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Key Economic Data 
  2003 2002 2001 Ranking(2003)
Millions of US $ 2,797 2,367 2,100 139
GNI per capita
 US $ 950 790 570 143
Ranking is given out of 208 nations - (data from the World Bank)

Books on Armenia


Update No: 343 - (26/10/10)

Armenian refugees from Azerbaijan to hold congress
A member of the organizing committee of the congress of Armenians of Azerbaijan, Roman Gulbandyan, said that Armenians have learned the lessons of 1915 and this time, the perpetrator of the second Armenian Genocide – Azerbaijan – will not remain unpunished.

Members of the organizing committee intend to create a committee to investigate the events of 1988-1992 and all circumstances of the Karabakh war, Gulbandyan told a press conference. “We will demand punishment of the Azerbaijani authorities and those international organizations, which participated in the Genocide,” he said, adding that a congress of Armenians of Azerbaijan is planned to be held.

Gulbandyan added that creation of a political and legal union will be in the focus of the congress. “The union will cooperate with the authorities of both Armenia and Karabakh,” he said.

New Azeri challenge
In a move that threatens to ignite a new war in the volatile South Caucasus, Azerbaijan has announced plans for another drastic increase in defence spending, which has already skyrocketed over the past decade.

The Azerbaijani government’s defence budget for next year, submitted to parliament on October 13, calls for $3.1 billion in expenditures. News reports from Baku quoted Azerbaijani Finance Minister Samir Sharifov as saying that this represents an almost 90 percent rise from this year’s spending level.

“Defence spending in 2011 will account for 19.7 percent compared with 10.7 percent in 2010, so the share of defence spending in the budget will almost double,” Sharifov said, according to AFP news agency.

This contradicted Azerbaijani President Ilham Aliyev’s statements on the subject made earlier this year. Addressing Azerbaijani troops in June, Aliyev said that Baku’s military spending will total $2.15 billion this year.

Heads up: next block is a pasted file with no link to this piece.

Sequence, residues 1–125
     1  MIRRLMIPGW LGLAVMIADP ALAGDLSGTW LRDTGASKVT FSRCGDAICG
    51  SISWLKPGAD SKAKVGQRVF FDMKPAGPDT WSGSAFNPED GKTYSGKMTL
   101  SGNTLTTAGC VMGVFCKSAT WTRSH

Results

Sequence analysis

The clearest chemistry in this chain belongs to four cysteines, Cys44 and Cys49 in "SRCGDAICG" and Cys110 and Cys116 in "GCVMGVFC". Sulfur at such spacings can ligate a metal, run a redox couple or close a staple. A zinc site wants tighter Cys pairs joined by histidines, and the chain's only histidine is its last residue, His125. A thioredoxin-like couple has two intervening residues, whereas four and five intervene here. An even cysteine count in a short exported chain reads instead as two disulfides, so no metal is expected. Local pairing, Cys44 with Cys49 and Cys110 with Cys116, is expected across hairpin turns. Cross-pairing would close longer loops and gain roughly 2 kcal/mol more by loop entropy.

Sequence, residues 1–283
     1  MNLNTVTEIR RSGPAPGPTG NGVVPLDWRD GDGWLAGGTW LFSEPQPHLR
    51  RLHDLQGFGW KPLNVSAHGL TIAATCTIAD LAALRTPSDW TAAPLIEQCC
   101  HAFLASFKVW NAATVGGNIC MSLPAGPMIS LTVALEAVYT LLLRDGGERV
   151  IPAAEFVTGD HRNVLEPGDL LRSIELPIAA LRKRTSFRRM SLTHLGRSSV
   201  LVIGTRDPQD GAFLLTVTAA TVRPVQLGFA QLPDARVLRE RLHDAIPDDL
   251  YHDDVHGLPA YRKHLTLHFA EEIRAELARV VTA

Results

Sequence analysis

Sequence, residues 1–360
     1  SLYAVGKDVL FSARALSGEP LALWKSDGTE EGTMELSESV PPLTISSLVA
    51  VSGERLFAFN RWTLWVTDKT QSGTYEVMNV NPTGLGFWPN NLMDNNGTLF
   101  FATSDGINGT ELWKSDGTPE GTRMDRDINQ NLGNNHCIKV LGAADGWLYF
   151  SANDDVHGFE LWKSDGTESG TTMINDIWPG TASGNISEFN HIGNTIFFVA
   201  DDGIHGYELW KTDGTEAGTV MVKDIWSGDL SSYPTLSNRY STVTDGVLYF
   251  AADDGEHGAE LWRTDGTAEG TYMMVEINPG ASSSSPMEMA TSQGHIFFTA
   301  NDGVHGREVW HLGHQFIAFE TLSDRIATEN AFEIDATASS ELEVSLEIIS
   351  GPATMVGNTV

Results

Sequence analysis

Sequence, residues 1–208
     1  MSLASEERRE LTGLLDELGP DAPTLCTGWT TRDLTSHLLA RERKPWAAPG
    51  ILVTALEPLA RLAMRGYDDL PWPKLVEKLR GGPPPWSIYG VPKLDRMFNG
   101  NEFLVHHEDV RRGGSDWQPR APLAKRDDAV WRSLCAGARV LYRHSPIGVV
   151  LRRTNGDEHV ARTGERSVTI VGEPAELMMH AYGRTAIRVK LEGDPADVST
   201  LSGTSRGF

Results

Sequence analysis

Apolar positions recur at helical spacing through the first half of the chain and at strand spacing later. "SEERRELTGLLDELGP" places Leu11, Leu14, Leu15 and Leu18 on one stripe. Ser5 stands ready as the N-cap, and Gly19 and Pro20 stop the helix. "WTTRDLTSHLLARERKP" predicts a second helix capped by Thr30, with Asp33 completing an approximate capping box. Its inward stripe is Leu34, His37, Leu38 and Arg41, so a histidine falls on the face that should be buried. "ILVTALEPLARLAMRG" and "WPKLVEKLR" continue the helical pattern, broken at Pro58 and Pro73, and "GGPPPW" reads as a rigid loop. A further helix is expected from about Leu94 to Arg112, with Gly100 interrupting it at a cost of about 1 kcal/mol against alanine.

“A goal was set forth several years ago for Azerbaijan’s military expenses to be above all of Armenia’s spending,” he said. “This goal has already been fulfilled.”

Armenia’s state budget for 2010 is projected at $2.6 billion. The Armenian government plans to spend a total of $2.8 billion next year. About $400 million of the sum is to be allocated to the Armenian military.

The Azerbaijani defence budget was supposed to have passed the $2 billion mark in 2008. Aliyev publicly ordered his government to ensure that in April 2008.

Over the past decade, Azerbaijan has boosted defence spending at least tenfold as part of a military build-up financed from the country’s soaring oil and gas revenues. Baku hopes that it will eventually force the Armenians to make serious concessions in the unresolved conflict over Nagorno-Karabakh.

Aliyev regularly threatens to win back Karabakh and the liberated districts surrounding it by force. According to his finance minister, about $1.4 billion of the planned 2011 spending will be used to modernize the Azerbaijani military through the purchase of up-to-date equipment and weaponry.

Armenian leaders have downplayed the widening gap between the defence budgets of the two South Caucasus arch-foes. “We counter this with the quality and combat-readiness of our armed forces,” Defence Minister Seyran Ohanian told journalists last week.

Armenia is also capitalizing on its military alliance with Russia, which enables it to acquire Russian-made weapons at cut-down prices or free of charge. A new Russian-Armenian defence agreement signed in August commits Moscow to supplying Yerevan with “modern and compatible weaponry and special military hardware.”

Sociologist urges peace
The Karabakh peace process reached a stalemate, because of the two conflicting parties, Armenia and Azerbaijan, Director of Sociometer centre, Aharon Adibekyan, told reporters on October 13.

According to him, Armenia should return to the initial stage of the peace process and the two conflicting parties should make mutual concessions.

“Both Yerevan and Baku should make their own concessions,” the sociologist said, stressing he does not oppose maintaining a status quo of Karabakh.

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